Superior Court Downplays Access Difficulties With Its Online Case File System

The San Bernardino County Superior Court remains committed to putting Tyler Technologies’ Odyssey case management and information system in place despite the considerable problems that have resulted in making the changeover from the previous on-line data base containing information relating to lawsuits and prosecutions being heard at the county’s six courthouses.
The decision to revamp San Bernardino County Superior Court’s online case information system was made by by former presiding judge Marsha Slough in accordance with a bidding process authorized by the California Judicial Council some two years ago. Tyler Technologies’ version Odyssey system was selected and Tyler Technologies was given a $4 million contract to effectuate the change. While the previous information system pertaining to the county’s civil cases remains in place, on February 11, the criminal side of the Superior Court of San Bernardino’s open access website went offline to make way for the initiation of the Odyssey version.
What happened thereafter has been described, variously, as a massive computer crash or a series of recurrent and persistent mini-crashes. One report was that half of a million files which were transferred out of the old system’s data banks into version were erased. Overnight, access to the digitized minute orders on criminal cases, which had been routinely and easily navigated to on the old system, ended.
Officials nonchalantly gave assurances that what was occurring was a normal byproduct of making such a digitized transition and that in short order technicians would “get the bugs out of” the new software and all of the information previously available in an even more easily accessible format would soon be available. But a month and then two months and now three months has passed and the minute orders are yet unavailable, and further deficiencies in the new system have become apparent. Court records for hearings of criminal cases are no longer available. Follow-up information pertaining to fines paid or restitution made by defendants is no longer being entered into the system or otherwise can not be retrieved. In March, Superior Court officials acknowledged that not all elements of the information that had gone into the case management system was at that point available but that Tyler Technologies was working with court personnel “to make the criminal cases component fully operational as soon as possible.”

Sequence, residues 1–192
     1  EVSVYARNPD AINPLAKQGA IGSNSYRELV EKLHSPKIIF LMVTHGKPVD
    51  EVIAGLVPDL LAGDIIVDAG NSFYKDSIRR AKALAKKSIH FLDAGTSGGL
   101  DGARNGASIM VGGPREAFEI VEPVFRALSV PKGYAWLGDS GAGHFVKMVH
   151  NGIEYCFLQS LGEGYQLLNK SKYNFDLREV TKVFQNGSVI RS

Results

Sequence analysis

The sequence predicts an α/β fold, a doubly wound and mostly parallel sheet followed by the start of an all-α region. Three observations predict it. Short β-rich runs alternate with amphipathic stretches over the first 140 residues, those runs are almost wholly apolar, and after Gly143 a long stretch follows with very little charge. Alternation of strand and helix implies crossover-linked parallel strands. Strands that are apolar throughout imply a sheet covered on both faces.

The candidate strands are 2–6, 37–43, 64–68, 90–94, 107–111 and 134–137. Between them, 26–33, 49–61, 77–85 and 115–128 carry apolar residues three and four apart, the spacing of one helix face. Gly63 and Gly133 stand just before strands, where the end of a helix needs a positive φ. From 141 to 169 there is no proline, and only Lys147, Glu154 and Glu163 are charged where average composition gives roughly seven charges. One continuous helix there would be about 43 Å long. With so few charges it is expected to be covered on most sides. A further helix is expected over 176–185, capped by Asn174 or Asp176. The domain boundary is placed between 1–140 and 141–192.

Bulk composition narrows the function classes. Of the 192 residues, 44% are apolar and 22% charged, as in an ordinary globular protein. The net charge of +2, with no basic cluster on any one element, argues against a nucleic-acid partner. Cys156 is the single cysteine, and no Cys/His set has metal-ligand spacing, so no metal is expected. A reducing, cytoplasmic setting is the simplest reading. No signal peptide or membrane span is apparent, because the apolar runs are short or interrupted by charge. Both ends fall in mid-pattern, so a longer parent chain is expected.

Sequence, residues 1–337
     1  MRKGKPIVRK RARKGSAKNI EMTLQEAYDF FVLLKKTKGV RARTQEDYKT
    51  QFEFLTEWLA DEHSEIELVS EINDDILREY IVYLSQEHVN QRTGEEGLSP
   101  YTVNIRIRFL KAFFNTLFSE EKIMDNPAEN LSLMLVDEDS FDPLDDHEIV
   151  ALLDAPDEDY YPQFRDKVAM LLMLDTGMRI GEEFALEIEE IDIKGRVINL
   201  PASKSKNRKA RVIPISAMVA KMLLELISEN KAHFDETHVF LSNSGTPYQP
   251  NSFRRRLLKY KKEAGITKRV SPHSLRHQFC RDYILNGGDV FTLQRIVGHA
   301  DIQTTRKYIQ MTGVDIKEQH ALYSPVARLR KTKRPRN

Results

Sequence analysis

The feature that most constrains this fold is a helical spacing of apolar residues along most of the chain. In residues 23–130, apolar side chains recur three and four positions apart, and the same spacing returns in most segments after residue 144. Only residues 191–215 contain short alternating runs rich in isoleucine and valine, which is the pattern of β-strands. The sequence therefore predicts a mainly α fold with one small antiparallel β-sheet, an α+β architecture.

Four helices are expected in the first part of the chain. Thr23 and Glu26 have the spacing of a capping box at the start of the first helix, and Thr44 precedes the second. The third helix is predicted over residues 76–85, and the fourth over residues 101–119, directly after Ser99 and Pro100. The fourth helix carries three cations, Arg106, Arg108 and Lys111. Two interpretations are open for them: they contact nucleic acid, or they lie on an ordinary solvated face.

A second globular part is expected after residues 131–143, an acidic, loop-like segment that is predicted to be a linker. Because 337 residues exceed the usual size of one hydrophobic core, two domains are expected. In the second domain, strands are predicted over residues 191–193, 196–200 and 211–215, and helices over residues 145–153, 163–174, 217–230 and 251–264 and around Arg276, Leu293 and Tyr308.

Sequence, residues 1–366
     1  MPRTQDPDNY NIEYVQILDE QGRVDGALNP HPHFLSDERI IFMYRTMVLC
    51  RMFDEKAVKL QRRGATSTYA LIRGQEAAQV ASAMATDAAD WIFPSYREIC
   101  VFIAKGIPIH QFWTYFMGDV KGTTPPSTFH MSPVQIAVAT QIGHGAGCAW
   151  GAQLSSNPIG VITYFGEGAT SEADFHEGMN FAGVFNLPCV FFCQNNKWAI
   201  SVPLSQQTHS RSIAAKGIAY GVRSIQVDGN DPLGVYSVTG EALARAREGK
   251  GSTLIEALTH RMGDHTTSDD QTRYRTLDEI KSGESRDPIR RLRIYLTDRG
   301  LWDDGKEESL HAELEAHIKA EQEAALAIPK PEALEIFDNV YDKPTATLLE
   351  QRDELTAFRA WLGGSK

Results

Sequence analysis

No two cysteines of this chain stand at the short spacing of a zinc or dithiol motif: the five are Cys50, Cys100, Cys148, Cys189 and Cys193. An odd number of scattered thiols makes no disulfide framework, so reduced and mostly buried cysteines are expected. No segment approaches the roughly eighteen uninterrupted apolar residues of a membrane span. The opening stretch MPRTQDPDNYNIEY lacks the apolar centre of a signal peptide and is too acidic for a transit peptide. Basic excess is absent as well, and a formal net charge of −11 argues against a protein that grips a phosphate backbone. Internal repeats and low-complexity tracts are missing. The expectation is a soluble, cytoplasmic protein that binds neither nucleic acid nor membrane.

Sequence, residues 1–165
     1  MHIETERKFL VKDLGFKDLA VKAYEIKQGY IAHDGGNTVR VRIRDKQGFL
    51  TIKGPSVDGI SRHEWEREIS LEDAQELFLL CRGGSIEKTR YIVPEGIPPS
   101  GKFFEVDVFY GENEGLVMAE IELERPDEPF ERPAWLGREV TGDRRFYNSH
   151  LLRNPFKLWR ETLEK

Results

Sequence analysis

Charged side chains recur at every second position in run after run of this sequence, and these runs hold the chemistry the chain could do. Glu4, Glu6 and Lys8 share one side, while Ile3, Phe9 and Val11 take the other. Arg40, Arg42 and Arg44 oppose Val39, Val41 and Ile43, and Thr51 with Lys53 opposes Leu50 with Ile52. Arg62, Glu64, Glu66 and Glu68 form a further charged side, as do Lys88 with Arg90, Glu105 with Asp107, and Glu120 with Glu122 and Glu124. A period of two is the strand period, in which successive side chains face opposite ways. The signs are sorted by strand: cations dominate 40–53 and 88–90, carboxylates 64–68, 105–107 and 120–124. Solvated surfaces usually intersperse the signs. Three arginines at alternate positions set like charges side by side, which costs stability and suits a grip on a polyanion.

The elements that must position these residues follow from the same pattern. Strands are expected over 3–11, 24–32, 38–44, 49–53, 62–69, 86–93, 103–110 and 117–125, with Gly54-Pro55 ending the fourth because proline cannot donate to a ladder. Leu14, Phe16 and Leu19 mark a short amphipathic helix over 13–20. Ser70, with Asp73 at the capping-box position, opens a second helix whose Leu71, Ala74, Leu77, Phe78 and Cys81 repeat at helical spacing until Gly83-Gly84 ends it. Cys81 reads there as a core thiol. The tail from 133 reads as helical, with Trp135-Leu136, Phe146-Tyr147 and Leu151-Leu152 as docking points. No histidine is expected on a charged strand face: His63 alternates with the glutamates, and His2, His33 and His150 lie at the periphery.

On April 14, Christine Volkers, the executive officer for San Bernardino County Superior Court, was placed on administrative leave, but there has been no official statement in response to suggestions that her abrupt exodus was related to the failure of the Odyssey system.
A report has persisted that approximately 500,000 digitized criminal case files loaded into the Odyssey version were permanently lost, that is, are unrecoverable, and that when an effort to scan just a fraction of those missing documents into the system was begun, they were “eaten,” that is, rendered into a scrambled digital form that could not be translated or unjumbled back into any semblance of their original form. It was further reported that when the court’s clerical staff was tasked with the painstaking process of reentering court documents individually into the system, several simply quit, making the pending workload ever more unwieldy.
Dennis B. Smith, the risk and safety administrator with the San Bernardino Superior Court whose tertiary assignment is media relations, this week acknowledged to the Sentinel that a dozen court personnel had recently left their assignments, but he suggested this was no greater than what occurs as a consequence of normal attrition. “We have had clerks retire in the last few months as is typical turnover for any business,” he said. “A comparison of retirements for the first quarter of this calendar year compared to the first quarter of the last calendar year indicates identical turnover with 12 employees retiring in each of the quarters mentioned.”